3.5 out of 5 starsHelpfulness

    4 more images

    The duomo is situated at the highest point of town. Its green cupola towers above the ancient houses. Although this is definitely a Baroque church, it is not as lavishly decorated as many other churches on Sicily. The outside is quite sober and inside it's the unusual combination of blue and white decorations that stands out.
    Notice the Trinacria (the symbol of Sicily) below the left organ.
    If you have some time to kill before or after visiting the Roman mosaics, this is a nice way to spend it.

    Related to:
    • Arts and Culture
    • Architecture

    Was this review helpful?

  • angiebabe's Profile Photo

    Amazing mosaics at Casa Romana Casale

    by angiebabe Written May 23, 2009
    1 more image

    Amazing mosaics - 35 rooms of mosaics were discovered under the extensions over the original site which was thought to be a roman villa owned by a noble family.

    What is so useful about them are the stories they tell and show of the culture at the time - the height of fashion and activities of various classes and roles of men and women, even down to what was being by worn by roman women doing their exercises in a gym!

    Related to:
    • Arts and Culture
    • Historical Travel
    • Photography

    Was this review helpful?

  • angiebabe's Profile Photo

    World heritage site Casa Romana Casale

    by angiebabe Written May 23, 2009

    2.5 out of 5 starsHelpfulness

    1 more image

    Its about 5 km from the hilltop walled town of Piazza Armerina,driving through pretty countryside with okay signposting until you up to a carpark and then there are signs in all directions with none giving you a definite of which way to go. I just deduced to walk along the obscure road that appeared to have white tent stalls ahead whereas when I got back to my car and watched other arrivees they were just as perplexed doing a few circles, then up the steep steps to some non related kids thing on the hill above.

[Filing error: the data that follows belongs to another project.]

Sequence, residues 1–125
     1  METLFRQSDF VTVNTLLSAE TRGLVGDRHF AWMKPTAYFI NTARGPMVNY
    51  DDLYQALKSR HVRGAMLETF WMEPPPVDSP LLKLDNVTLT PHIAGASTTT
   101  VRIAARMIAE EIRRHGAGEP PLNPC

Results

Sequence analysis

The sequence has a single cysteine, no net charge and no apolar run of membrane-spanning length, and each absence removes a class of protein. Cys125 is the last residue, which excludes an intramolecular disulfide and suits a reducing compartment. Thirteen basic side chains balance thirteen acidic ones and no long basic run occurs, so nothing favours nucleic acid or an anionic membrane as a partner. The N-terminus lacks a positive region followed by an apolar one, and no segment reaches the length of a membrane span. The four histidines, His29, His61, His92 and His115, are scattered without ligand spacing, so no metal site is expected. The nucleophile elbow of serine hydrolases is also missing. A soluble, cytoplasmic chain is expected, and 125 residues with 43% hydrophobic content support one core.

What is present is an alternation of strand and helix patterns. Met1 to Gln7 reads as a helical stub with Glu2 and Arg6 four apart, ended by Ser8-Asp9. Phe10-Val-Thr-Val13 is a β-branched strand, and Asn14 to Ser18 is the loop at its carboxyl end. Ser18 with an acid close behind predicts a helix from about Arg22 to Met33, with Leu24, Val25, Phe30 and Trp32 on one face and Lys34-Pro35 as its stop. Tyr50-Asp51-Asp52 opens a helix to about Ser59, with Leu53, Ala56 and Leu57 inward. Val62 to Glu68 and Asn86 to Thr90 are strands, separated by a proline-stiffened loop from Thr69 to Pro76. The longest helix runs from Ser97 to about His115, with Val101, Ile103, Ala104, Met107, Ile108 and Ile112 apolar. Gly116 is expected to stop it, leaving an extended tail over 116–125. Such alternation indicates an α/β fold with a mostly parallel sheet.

RAther frustrating - then even having to find which way to go to the ticket office was a bit difficult - then to the toilets and shops provided for the tourists that come all the way out that way are about a 10 min walk return from the ticket office and site entrance.

    But amazingly the admission fee was something like 3 euro with a good brochure included.

    Ongoing renovations are going on though which is advertised at the entrance but not to what extent - what was open was excellent but maybe a third of the amazing mosaics were not accessible.

    Well worth the visit though. as they are stunning and so many of them - 35 rooms or so made up the villa.

    Related to:
    • Arts and Culture
    • Historical Travel
    • Archeology

    Was this review helpful?

  • hquittner's Profile Photo

    The Mosaics of the Villa Romana

    by hquittner Written Apr 6, 2005

    2.5 out of 5 starsHelpfulness

    Drink up big boy

    The mosaics number 40+ and cover 3500sq. m. of floor. There are fragments of painted wall murals and some carving, statuary etc. The finds are protected by glass walls and ceilings but the extensive deforestation in the area has caused repeated mud-slides which still occur( and originally buried the Villa.) The mosaics are attributed to N. African craftsmen (the only repository of the art in 300). They are for the most part cartoon-like but give a clear view of the tastes and humor of the rich of the time.(This is a part of the story of Ulysses giving Polyphemus wine; P. has 3 eyes(the Africans did not know the story well?). There is some depth and chiaroscuro here but the picture may not be sharp enough to convey it. Taking pictures in bright light with extreme shadows thrown by the roofing is beyond my ability. Wait until you try it.

    Related to:
    • Family Travel
    • Archeology
    • Seniors

    Was this review helpful?

  • hquittner's Profile Photo

    Villa Romana di Casale

    by hquittner Written Apr 6, 2005

    2.5 out of 5 starsHelpfulness

    Big Max & 2 bodyguards